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W_-_Alachua_Hills_Coerper_DSCF5850_copyW_-_Alachua_Hills_Commission_Group_DSCF5854_copyPhoto 1: L-R: Alachua Mayor Gib Coerper presents a plaque to Commissioner Orien Hills in recognition of his 15 years of service on the city commission. Photo 2: 

L-R:  Commissioner Gary Hardacre, City Manager Traci Cain, City Attorney Marian Rush, Commissioner Orien Hills, Mayor Gib Coerper, Commissioner Ben Boukari, Jr. and Vice Mayor Robert Wilford.

ALACHUA – Monday night at the Alachua City Commission Meeting was a night of change.

Orien Hills, a commissioner for 15 years, retired from his position on Seat 4, sitting through his final meeting on Monday, April 23. The City of Alachua honored him with a plaque in recognition of his service and with a special presentation of pictures taken throughout his career.

Mayor Gib Coerper presented the plaque, which stated the years Hills was in office and the date the plaque was presented.

Being a Commissioner, said Coerper, is not about sitting on the dais and waving.

“It’s about getting out and speaking to the people in the community,” he said. “There’s no better connection than that.”

Coerper said that Hills embodies that idea. When Hills was needed, Coerper said, he was there.

Former Alachua City Manager Clovis Watson, Jr. said Hills was a mentor when Watson was a young man as well as when he was working with the City.

“I miss seeing you here,” Watson said, adding that those were special times.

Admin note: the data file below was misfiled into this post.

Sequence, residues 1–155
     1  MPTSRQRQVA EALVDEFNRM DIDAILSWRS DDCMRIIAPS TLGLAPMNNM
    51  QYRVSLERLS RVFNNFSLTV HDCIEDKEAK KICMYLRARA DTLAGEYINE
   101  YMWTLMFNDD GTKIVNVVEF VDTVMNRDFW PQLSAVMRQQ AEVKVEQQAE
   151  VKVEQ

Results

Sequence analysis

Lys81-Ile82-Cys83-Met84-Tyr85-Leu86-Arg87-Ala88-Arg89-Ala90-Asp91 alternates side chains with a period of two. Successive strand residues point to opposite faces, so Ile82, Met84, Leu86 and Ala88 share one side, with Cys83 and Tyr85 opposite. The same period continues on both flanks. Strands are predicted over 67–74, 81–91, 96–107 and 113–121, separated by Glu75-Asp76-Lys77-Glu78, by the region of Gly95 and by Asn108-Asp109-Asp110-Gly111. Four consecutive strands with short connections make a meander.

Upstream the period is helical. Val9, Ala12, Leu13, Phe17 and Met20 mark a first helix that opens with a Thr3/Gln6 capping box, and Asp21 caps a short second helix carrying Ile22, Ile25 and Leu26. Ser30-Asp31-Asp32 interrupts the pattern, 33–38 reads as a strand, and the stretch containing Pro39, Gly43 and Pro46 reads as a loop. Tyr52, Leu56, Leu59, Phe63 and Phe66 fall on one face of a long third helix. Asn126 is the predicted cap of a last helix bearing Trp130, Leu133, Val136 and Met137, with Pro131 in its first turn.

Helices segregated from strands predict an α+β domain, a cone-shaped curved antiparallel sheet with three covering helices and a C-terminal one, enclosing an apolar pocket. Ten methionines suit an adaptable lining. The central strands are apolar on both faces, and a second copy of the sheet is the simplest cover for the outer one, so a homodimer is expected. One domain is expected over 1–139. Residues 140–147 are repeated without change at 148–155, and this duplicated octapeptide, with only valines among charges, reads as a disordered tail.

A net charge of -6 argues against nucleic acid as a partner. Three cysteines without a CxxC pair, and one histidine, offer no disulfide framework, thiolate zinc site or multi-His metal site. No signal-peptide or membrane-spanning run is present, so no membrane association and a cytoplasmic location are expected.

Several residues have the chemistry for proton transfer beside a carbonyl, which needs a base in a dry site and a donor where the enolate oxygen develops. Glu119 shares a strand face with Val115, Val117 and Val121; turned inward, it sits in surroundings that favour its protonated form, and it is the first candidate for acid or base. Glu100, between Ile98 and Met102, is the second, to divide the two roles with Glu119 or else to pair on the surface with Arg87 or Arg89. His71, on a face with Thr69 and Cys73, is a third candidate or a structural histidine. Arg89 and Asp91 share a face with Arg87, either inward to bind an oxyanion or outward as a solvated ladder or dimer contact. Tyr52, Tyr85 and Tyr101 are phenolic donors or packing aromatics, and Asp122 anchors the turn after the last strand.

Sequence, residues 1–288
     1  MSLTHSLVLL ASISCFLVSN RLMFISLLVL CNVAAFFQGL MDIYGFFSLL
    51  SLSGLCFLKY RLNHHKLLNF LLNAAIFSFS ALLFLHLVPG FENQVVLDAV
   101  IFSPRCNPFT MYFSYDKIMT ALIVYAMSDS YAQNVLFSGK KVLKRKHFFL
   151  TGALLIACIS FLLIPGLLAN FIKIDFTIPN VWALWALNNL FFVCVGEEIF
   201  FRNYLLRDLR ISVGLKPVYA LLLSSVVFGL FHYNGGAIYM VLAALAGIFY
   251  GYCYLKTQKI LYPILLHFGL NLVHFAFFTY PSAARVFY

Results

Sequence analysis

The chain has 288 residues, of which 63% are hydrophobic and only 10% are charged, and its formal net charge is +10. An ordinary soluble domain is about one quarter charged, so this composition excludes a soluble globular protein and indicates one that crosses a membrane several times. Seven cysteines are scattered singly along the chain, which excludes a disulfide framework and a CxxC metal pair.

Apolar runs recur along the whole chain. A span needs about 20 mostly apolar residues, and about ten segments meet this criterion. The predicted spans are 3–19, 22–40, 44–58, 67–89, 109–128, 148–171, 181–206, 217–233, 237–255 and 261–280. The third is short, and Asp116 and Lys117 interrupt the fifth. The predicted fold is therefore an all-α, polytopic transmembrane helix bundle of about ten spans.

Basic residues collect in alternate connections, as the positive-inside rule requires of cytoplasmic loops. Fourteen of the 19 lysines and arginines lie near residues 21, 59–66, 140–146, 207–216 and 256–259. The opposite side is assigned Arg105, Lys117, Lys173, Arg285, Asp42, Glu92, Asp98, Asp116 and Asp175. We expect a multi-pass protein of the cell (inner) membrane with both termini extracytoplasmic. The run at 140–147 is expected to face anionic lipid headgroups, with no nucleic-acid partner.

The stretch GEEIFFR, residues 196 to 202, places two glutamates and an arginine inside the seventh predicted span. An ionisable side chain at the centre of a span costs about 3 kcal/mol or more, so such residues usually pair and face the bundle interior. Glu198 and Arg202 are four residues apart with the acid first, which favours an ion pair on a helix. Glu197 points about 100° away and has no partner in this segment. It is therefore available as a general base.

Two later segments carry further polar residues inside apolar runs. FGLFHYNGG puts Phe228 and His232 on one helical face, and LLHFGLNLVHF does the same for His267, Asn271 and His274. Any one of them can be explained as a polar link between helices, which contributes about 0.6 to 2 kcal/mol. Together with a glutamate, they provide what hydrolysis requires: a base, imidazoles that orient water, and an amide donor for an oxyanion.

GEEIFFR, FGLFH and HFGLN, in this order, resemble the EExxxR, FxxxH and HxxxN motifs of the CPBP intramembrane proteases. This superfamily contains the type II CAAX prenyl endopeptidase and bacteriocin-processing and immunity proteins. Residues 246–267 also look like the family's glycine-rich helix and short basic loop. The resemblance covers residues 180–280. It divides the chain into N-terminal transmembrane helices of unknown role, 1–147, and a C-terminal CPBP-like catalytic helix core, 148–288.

Jean Calderwood, Alachua’s former mayor, started working with Hills on the Planning and Zoning Board. Both eventually moved on to serve with the Commission. She called Hills a man of few words.

“But when he speaks, people listen,” Calderwood said.

When school children in Alachua were going to have to be bused elsewhere because of capacity issues, Calderwood said Commissioner Hills battled the School Board of Alachua County to ensure that the neighborhood children would stay in the schools located in their neighborhood.

“You have created a legacy here in the City of Alachua,” Calderwood said, “a legacy that leaves big shoes to fill for those remaining in the Commission.”

All four of the commissioners thanked Hills for the years he served the City. Commissioner Gary Hardacre said he appreciated the time Hills spent teaching him, both on the commission and at the Alachua Lions Club.

“I just want to thank the people of the community for allowing me to serve this many years,” Hills said. “I’m not going anywhere. I’ll be right here, aggravating everybody in City Hall.”

After the commission thanked Hills for his service, newly elected Commissioner Shirley Green Brown was sworn into office, assuming Hills’ former seat on the dais, and Hardacre was sworn in for his second three-year term. During the commissioners’ comments period of the meeting, all of the commissioners welcomed Brown.

According to election rules, because Hardacre ran unopposed in the April 10 election, he must vote for himself to be re-elected to Seat 5.

“It was a tough decision, but I would vote for myself,” he joked.

The city commission selected a new Vice-Mayor on Monday as well. Former Vice-Mayor Ben Boukari nominated Commissioner Robert Wilford. No one else was nominated, and through consensus, Wilford became Vice-Mayor.